Not only does this old tale prove that man has always aspired to fly, but it also proves that we've been aware of the dangers of flight for a very long time. Leonardo Da Vinci's Sketches In the 1480s, Leonardo Da Vinci executed the first real investigations of flight. His sketches, some of which are shown to the right, are the oldest known examples of actual studies in practical flight. Unfortunately for Da Vinci, his ideas about flight were incorrect. Pictured on the top right is one of Da Vinci's sketches of a proposed flying contraption that would use a screw to generate lift. Centuries later, the Wright brothers would prove that Da Vinci's idea of an air screw is impractical. A Prezi Presentation The Wright Brothers The "bicycle scientists" How it Flew The Wright Brothers' 1903 Flyer Bernoulli's Principle A way of measuring the relationship between pressure and speed. meanwhile... Progress In Europe Europe, unaware of the Wright brothers' creation, was still struggling to take to the air. European Pioneers of Flight In 1906, Alberto Santos Dumont became the first man to fly in Europe. The Wright brothers were secretive, so in 1903, very few people knew they had successfully piloted an aircraft. All of Dumont's inventions were free to the public, and he refused to accept any money for his work. Unfortunately, Dumont believed he was responsible for making the airplane a weapon of war, and because he couldn't entertain this possibility, he hung himself in 1932. Back in America The Wright brothers further grasped control of flight in 1904 and 1905. Due to their secrecy, however, this fact goes unrecognized by many. By 1906, they began making public flights. In 1908, the Wrights finally brought their flyer to Europe. Many European pioneers of flight had had some mild success before seeing the Wrights. Louis Bleriot, for example, crossed the English channel from France. However, when the Wrights demonstrated their invention, all of Europe accepted defeat in the race to take to the sky. WWI caused the technology of aviaton to improve at a faster rate, because technology became a priority. By the end of the war, planes were significantly more advanced, and crafted from metal for the most part, than they were at the start of the war. The Four Forces onto modern flight Lift Drag Weight/Gravity Thrust Anatomy of a Modern Plane Aileron Rudder Elevator Flap The Aileron rad yeah The Flap Flaps are metal extensions on wings that are hinged to the main wing and move up and down independently of the wing. The Elevator cool cool The Rudder Rudders, found on the end of vertical stabilizers, help an airplane with directional stability. Wing The Wing The wing is a fixed extension to the main body of an airplane. It has a flat underside and a slightly curved topside to give planes lift and help them fly. Bernoulli's Principle Bernoulli's Principle Makes Planes Fly By looking at the shape of the wing pictured above, it's evident that Bernoulli's Principle is responsible for the flight of an airplane. Bernoulli's principle states that when the speed of a fluid's motion increases, the pressure of that fluid decreases. here's why: The Propeller Although previously thought of as an air screw, the propeller is actually a rotating wing. Newton's Law The flap changes the shape of the wing. When tilted on a steep negative slope in relation to the wing, sharply increases drag in an airplane. When landing an aircraft, the flap increases drag to cause the plane to decelerate and descend. When tilted on a mild negative slope around ten to twenty degrees, in relation to the wing, the flap increases lift for takeoff with only an incidental increase in drag. The flap augments Bernoulli's principle and is a strong argument in favor of it. While many regard them as simple "bicycle scientists", the Wright brothers are much more than that. They proved that the propeller of an airplane is not a screw, like Da Vinci believed, but actually a rotating wing. This will be revisited in more depth later in the presentation. Wilbur and Orville Wright are responsible for creating the first aircraft to takeoff and land at the same altitude by its own power and under total control. While Bernoulli's Principle is a satisfactory answer to many regarding the question of how a plane flies, some have countered the principle with the question, "how does a plane fly upside-down?" Surely there is another force acting on planes in flight, because Bernoulli's Principle cannot be entirely responsible for upside-down flight.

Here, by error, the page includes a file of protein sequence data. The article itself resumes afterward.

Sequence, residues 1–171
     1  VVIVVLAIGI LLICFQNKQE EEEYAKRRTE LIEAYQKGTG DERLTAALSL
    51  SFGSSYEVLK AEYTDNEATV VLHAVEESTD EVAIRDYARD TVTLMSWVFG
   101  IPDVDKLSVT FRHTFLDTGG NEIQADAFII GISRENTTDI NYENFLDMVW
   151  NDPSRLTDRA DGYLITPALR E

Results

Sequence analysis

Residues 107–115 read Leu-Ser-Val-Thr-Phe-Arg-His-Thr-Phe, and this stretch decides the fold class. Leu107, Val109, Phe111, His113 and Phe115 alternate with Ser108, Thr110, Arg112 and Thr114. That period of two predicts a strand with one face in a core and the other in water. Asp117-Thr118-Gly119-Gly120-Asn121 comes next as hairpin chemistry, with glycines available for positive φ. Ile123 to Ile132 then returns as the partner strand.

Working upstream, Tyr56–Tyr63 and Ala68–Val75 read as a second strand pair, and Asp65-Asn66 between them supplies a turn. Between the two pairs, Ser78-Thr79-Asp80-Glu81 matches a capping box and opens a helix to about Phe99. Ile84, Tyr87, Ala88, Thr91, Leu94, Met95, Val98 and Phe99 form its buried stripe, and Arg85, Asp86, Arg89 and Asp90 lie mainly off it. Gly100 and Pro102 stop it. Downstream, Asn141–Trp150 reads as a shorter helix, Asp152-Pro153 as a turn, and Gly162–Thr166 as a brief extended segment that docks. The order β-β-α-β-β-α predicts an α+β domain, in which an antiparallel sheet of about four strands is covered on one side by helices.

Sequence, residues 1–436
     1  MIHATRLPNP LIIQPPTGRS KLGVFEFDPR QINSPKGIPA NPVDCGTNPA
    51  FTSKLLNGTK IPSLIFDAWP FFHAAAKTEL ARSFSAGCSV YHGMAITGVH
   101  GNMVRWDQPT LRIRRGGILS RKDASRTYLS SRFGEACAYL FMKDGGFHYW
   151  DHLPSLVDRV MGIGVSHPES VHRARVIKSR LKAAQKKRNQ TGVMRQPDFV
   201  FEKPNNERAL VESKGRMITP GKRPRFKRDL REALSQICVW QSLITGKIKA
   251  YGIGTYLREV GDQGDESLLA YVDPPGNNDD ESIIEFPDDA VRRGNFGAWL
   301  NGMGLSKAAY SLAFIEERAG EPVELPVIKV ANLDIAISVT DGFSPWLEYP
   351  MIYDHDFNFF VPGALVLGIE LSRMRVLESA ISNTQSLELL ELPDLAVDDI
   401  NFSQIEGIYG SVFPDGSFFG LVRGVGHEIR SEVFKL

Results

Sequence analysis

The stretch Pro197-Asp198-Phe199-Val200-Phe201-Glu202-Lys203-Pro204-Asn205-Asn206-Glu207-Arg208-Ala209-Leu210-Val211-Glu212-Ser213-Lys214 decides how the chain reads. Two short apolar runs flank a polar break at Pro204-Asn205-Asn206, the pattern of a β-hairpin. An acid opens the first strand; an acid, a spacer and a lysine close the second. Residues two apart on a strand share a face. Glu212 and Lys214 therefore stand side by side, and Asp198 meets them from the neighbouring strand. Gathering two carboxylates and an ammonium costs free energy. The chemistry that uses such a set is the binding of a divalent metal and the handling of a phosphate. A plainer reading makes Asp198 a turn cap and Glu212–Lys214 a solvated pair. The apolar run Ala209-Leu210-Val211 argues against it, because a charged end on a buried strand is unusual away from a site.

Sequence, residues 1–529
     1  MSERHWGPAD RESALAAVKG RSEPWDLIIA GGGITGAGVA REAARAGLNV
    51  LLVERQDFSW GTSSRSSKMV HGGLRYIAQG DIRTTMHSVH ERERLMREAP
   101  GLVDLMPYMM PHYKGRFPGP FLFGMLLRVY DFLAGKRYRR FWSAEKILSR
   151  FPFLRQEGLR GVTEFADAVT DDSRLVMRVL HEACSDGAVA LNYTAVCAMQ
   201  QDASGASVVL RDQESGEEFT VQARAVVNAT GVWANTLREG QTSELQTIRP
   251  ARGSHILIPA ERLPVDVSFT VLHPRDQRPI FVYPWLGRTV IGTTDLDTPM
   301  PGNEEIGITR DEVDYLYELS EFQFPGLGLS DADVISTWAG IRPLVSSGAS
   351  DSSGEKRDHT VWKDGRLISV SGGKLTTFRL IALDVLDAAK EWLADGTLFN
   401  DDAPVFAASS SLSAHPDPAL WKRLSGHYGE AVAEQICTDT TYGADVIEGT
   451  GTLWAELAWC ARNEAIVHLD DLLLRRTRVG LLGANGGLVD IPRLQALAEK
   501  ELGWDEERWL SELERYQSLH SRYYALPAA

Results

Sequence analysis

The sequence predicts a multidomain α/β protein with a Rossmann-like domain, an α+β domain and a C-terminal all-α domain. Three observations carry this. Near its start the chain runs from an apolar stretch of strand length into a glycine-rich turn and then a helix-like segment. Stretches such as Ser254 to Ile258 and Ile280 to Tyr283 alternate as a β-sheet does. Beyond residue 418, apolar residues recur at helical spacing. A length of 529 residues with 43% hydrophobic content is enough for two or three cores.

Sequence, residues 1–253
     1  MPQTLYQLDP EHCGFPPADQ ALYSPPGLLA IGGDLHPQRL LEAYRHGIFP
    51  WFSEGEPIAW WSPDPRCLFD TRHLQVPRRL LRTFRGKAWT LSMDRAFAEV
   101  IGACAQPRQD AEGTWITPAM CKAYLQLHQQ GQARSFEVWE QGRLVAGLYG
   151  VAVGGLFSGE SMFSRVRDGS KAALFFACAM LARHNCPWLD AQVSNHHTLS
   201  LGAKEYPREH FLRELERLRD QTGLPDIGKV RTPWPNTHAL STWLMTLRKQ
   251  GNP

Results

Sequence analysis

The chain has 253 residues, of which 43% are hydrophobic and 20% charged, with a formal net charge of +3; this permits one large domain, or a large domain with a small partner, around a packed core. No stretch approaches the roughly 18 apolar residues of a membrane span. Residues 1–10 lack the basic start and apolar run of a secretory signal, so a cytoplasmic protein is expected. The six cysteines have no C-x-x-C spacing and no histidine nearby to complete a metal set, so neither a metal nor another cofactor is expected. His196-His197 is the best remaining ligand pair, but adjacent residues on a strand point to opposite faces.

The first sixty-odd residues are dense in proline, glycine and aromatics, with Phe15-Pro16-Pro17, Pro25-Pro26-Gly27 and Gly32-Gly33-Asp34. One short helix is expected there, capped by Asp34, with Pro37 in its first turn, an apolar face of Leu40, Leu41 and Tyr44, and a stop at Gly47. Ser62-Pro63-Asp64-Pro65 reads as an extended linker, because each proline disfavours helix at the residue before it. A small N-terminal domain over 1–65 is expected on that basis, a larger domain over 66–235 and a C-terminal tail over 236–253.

The answer lies in Isaac Newton's third law, which states that for every action there is an equal and opposite reaction. So, the action and reaction between the wing of a airplane and the relative wind is partially responsible for lift and therefore flight. http://fc01.deviantart.net/fs21/f/2007/286/4/e/The_Fall_of_Icarus_by_elmohead.jpg http://en.wikipedia.org/wiki/File:Alberto_Santos_Dumont_02.jpg Alberto Santos Dumont Bernoulli's principle relates to many parts of an airplane. Most popularly, it is known for its relation to the shape of a wing. Consider a plane flying through relatively still air. The airplane and its wings cut through the air, and momentarily separate it. In order for the air to stay still where it is, the air above the wing must move faster than the air below the wing to keep up, because the top of the wing's surface is curved and therefore the air on top must travel a further distance than the air on the bottom. This, according to Bernoulli's principle, causes higher air pressure in the air below the wing, and lower air pressure in the air above the wing. The higher air pressure below and the lower air pressure above the wing give the airplane lift and are very influential to a plane's flight. Bernoulli's principle is found once again in a propeller. Contrary to Archimedes water screw, the propeller is actually a rotating wing. Because of this, Bernoulli's principle is found on both sides of the propeller. Because Bernoulli's principle suggests that the air in front of the propeller has low air pressure, the propeller pulls the airplane forwards. First flown in Kitty Hawk with 12 horsepower for about three seconds In the 1700s, Daniel Bernoulli discovered the first effective way of measuring blood pressure– by puncturing arteries with pointed tubes. The amount of blood that rose in the tube was proportional to the patients blood pressure. Seeing this, Bernoulli concluded that the faster a fluid is moving, the smaller the fluid's pressure is. Although this method was painful, it was used for many years. Today Bernoulli's principle is used to measure air pressure in aviation. A big wing creates a lot of lift, but it also produces a lot of drag. A large wing will propel a plane to a higher altitude but will slow it down.
Lift increases when a plane goes faster. Because weight is decreased in lightly loaded planes, and because weight and lift are balanced forces, lift performance improved. The four forces must be balanced, however, so a given plane has a certain maximum altitude, called the service ceiling, where the engine generates less power and the thinner air of the high altitude prohibits the plane from continuing to climb. Lift is the force that acts opposite of gravity, generally upwards. It is created through differences in air pressure. Weight, or gravity, is a downward force. It pulls a plane towards Earth. Drag acts opposite of the direction of motion. It is caused by differences in air pressure and friction. Thrust works in the direction of motion. It is produced by the engine of a plane. Drag is increased when a plane has an open cockpit. When the cockpit and cabin are enclosed, drag is reduced, therefore increasing speed and therefore increasing lift. Again, the four forces must be in balance, so the drag must equal the thrust. Reduced drag gives a plane a faster speed. To alter the weight of a plane, the material it is made of must be changed. Experts explore different materials when considering weight, like wood, aluminum, and carbon fibers. Lighter materials allow planes to reach higher altitudes, until the thinner air causes the weight and lift to balance. The weight of a plane dictates, along with the amount of lift, which altitude it is able to reach. Greater thrust equals greater speed. However, with great speed comes great drag, so the engine of a plane and the body of the plane must work together to balance each other. The amount of thrust depends on the type of engine in a plane. The Aileron Ailerons are metal surfaces on wings that are hinged to the main wing and control the movement along the longitudal axis, called roll. The Wright brothers determined that the aileron is one of the most crucial parts of a plane regarding turning. There is one aileron on each wing of an airplane. When one aileron is tilted on a positive slope, the other is tilted on a negative slope. Imagine an airplane with the aileron on the right wing, the right aileron, tilted on a positive slope– upwards. When this happens, the left aileron tilts downwards on a negative slope, and the plane tilts so that the left wing moves upwards and the right wing moves downwards. This, also called rolling, causes the plane to turn. The rudder controls an airplane's movement along the vertical axis, also known as the yaw. Moving the rudder left to right will alter the direction the nose of the plane points. The rudder works with the ailerons to control the turning movement of an aircraft. Alone, a rudder can eventually turn an aircraft, but with the assistance of the rudder, the plane will make a turn much faster. The Elevator Elevators are found on the rear of an airplane and control the pitch of an airplane. Elevators, like rudders, flaps, and ailerons, are metal surfaces that are hinged to an airplane. On a plane, there are generally two elevators that move up and down to control the pitch of a plane. When the elevators are tilted on a negative slope– downward, the nose of the plane moves downward. The opposite happens when the elevators are tilted on a positive slope.